The Story is simple. A woman about to move in with her boyfriend encounters another man and has a passive one-night stand. But the exceptional thing is that Denis makes us feel every moment of it, experience the emotions like the characters do. The Camera always stays close to the protagonists faces, moves along with their inner feelings, trembles and searches like they do, teasing and wishing like they do, finding and discovering like they do. It isn`t a character of its own, but becomes through the phenomenal montage and fast paced elliptical cutting the very space between our protagonists, registering what they register not in a way of showing but of doing, not how but when - the spaces of time opened up are always now.
The poetry of Denis can be compared to Jean Vigo, but her quality that separates hers from his, is that while Vigo hailed the powers of our imagination, showing our phantasies enriching reality, Denis totally rejects a division. The magical comes from the real, is reality itself, not a victory of imagination over mind, because the struggle has ended. Change your heart...
A
 


Re: Vendredi Soir (Claire Denis / France / 2002)

Postby trevor826 » Sun Oct 09, 2005 8:14 pm

A terrific film and probably my favourite so far from the few Claire Denis films I've seen. I can't think of another film that makes a traffic jam look so artistic and (excepting Weekend) so interesting. The majority of the film is based on sights and sounds, in fact the only thing missing is smell. Beautiful simple intimate story well filmed and well told.

Thanks for reminding me about Vendredi Soir A, after reading your comments I dug it out and watched it again.

Cheers Trev.
trevor826
 

Re: Vendredi Soir (Claire Denis / France / 2002)

Postby A » Sun Oct 09, 2005 9:00 pm

Quote:after reading your comments I dug it out and watched it again
Wow, this may be the most gratifying reply a reviewer can wish for. I hope some others will follow in trevors footsteps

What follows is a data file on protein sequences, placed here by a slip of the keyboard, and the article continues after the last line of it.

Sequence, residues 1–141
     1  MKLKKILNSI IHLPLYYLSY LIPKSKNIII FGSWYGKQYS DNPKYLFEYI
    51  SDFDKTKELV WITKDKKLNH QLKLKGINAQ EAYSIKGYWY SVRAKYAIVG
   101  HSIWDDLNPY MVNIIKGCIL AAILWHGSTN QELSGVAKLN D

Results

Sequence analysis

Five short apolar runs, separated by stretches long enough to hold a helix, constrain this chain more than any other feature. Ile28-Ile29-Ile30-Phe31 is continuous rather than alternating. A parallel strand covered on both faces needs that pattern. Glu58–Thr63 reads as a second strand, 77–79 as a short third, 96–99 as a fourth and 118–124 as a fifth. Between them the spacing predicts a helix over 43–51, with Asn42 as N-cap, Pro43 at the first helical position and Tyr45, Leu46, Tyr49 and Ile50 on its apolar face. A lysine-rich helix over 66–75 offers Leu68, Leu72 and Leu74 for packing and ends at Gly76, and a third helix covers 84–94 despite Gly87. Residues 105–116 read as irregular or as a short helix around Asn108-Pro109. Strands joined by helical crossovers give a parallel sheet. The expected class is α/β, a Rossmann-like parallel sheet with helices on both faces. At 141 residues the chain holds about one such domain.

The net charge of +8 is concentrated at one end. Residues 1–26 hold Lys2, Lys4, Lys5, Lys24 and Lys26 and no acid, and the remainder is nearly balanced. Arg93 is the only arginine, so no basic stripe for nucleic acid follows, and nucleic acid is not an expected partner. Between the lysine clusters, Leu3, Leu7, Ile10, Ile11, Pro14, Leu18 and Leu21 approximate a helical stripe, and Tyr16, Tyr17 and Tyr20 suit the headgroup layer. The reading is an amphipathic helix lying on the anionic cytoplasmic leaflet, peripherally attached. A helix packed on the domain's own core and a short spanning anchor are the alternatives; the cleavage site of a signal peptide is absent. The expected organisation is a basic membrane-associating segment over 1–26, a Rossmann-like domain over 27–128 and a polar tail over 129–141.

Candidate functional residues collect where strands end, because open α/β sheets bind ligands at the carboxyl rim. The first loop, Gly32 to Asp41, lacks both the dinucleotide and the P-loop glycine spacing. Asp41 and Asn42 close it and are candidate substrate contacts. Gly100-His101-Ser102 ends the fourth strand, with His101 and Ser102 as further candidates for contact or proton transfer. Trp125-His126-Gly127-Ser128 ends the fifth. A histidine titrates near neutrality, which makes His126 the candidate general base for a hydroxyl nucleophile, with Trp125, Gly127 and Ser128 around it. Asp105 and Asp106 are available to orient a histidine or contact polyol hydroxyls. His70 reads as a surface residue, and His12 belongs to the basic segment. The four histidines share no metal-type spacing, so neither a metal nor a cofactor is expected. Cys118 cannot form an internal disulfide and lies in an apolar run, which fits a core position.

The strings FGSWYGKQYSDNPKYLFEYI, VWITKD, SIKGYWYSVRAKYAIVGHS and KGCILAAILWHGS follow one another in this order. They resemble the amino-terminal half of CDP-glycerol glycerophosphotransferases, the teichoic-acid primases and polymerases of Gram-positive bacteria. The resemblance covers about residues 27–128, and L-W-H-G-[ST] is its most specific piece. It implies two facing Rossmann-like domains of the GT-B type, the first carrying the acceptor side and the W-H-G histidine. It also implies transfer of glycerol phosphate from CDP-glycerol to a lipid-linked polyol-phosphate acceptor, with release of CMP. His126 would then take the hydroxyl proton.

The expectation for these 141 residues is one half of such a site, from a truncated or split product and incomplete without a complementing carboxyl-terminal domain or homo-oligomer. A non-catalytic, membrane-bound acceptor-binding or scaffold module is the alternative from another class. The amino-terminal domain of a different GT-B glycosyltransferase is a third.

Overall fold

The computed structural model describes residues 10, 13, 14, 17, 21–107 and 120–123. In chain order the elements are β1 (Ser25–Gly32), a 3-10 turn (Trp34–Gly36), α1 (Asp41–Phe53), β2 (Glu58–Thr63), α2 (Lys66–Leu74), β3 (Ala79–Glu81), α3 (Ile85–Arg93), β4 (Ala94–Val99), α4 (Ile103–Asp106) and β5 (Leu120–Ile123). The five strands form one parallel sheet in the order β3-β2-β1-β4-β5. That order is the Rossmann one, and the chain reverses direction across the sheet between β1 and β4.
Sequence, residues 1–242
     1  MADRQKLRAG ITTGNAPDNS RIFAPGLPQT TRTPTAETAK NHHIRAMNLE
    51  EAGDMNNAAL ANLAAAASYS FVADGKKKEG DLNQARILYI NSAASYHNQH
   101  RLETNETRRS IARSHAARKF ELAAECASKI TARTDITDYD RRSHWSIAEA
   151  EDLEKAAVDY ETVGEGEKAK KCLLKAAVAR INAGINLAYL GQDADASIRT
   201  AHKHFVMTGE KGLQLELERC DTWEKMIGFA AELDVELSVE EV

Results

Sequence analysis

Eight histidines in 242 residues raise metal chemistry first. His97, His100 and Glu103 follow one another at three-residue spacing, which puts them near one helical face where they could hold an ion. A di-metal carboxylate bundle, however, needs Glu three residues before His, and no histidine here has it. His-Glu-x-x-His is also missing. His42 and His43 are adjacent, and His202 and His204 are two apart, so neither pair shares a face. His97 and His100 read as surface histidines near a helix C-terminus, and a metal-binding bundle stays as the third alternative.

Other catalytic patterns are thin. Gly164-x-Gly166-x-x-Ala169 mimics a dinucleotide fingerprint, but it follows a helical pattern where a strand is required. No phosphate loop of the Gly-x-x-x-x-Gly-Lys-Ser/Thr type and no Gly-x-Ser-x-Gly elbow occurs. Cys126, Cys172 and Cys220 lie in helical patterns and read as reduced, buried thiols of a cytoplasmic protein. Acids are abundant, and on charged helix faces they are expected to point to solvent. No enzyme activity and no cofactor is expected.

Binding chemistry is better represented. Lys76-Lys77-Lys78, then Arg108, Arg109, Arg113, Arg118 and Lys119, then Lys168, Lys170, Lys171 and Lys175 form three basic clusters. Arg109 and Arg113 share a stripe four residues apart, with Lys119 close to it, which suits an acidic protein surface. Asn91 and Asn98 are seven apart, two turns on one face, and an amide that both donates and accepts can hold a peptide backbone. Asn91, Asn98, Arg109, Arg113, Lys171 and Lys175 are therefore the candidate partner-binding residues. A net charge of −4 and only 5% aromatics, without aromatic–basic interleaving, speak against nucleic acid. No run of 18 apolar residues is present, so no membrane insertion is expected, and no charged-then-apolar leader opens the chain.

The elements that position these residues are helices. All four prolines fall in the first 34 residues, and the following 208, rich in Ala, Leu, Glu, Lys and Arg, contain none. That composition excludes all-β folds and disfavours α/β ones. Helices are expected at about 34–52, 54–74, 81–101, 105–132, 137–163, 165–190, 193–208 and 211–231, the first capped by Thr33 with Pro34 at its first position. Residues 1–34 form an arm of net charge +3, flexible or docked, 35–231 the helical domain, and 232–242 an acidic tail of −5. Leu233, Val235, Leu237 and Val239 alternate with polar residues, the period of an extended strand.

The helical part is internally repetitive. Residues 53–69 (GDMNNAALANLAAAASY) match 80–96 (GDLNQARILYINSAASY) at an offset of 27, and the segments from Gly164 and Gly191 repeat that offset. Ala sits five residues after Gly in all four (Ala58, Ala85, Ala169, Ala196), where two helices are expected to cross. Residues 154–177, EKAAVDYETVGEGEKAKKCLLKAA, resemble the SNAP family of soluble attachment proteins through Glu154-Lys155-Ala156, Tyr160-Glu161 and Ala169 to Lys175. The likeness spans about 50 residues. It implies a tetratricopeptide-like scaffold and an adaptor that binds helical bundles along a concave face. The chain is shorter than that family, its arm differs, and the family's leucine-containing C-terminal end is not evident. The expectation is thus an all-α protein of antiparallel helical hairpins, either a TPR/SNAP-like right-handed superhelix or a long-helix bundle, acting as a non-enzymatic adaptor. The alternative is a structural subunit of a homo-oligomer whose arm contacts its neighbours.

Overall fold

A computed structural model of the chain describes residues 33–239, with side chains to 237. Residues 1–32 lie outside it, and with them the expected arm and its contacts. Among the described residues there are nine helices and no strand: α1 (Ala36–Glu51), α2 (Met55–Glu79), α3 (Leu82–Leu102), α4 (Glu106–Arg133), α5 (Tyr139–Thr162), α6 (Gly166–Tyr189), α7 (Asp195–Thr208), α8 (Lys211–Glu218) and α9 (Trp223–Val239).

I definitely need to see her other films, as this one was such a satisfying experience. Maybe L`intrus, or Beau Travail...
A
 

Re: Vendredi Soir (Claire Denis / France / 2002)

Postby arsaib4 » Mon Oct 10, 2005 1:59 am

Good review, A. You're missing out on one of the best films of the 90's in Beau Travail. That's the film where Denis decided to let her poetic images become the language of her narratives, and she hasn't really looked back.

I consider Vendredi Soir a minor effort by her standards, but it certainly deserves to be seen. A couple of other great film from her are, Nnette et Boni and No Fear, No Die. Her 1994 effort I Can't Sleep is a personal favorite.
arsaib4
 

Re: Vendredi Soir (Claire Denis / France / 2002)

Postby trevor826 » Mon Oct 10, 2005 6:32 am

It's unbelievable that so far only three of her films have been released in the UK, "Trouble Every Day" and the afformentioned "Beau Travail" although L'Intrus is getting a DVD release in December.

From what I've heard about Claire Denis I'm hoping that "Vendredi Soir" is a minor effort, I'm certainly looking forward to seeing more.

Cheers Trev.
trevor826
 

Re: Vendredi Soir (Claire Denis / France / 2002)

Postby A » Tue Oct 11, 2005 10:54 pm

Thanks for your recommendations. I`ll try to find some of her "older" films. I`ve also heard lots of great things about her, and after watching Vendredi Soir, I`m already convinced
A